Power producers are increasingly faced with the need to respond to fluctuating amounts of competitive sources being fed into the grid. For them to be able to do so, technical changes must be implemented in the operation of large-scale existing power stations. The change to “single-mill” operation at a power station demonstrates that even older power plants can be operated at low partial loads.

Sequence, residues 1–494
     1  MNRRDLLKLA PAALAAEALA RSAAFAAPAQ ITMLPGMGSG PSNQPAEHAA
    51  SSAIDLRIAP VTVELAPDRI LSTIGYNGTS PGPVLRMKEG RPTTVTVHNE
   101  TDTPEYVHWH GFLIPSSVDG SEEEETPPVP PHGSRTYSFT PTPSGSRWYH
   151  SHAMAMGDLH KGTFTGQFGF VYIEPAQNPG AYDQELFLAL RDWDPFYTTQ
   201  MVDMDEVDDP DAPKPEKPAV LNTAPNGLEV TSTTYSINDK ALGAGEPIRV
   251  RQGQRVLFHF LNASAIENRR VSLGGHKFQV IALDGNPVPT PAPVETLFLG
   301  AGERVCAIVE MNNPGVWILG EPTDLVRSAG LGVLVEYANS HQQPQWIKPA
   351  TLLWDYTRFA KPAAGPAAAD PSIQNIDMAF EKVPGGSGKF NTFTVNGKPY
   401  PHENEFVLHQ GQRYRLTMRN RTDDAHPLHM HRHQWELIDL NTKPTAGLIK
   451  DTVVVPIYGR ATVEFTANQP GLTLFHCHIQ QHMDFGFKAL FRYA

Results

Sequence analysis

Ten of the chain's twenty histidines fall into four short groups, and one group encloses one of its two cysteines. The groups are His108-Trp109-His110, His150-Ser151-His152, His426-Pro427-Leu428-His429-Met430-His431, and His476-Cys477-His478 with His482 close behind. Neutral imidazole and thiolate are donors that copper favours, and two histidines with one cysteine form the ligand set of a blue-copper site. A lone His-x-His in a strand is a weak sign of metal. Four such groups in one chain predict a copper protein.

Last December demonstrated the degree of flexibility that is possible in the operation of conventional power stations today. A storm front caused the wind farms in northern Germany to feed excessive amounts of electricity into the grid. As a consequence, the power output of many conventional power stations had to be reduced by up to 40%. Through these measures, conventional power stations provide the level of flexibility required to ensure permanent load balancing. And, they have been doing so with great success. But how are these changes realized in practice? And what legal requirements must be observed in terms of licensing and approval?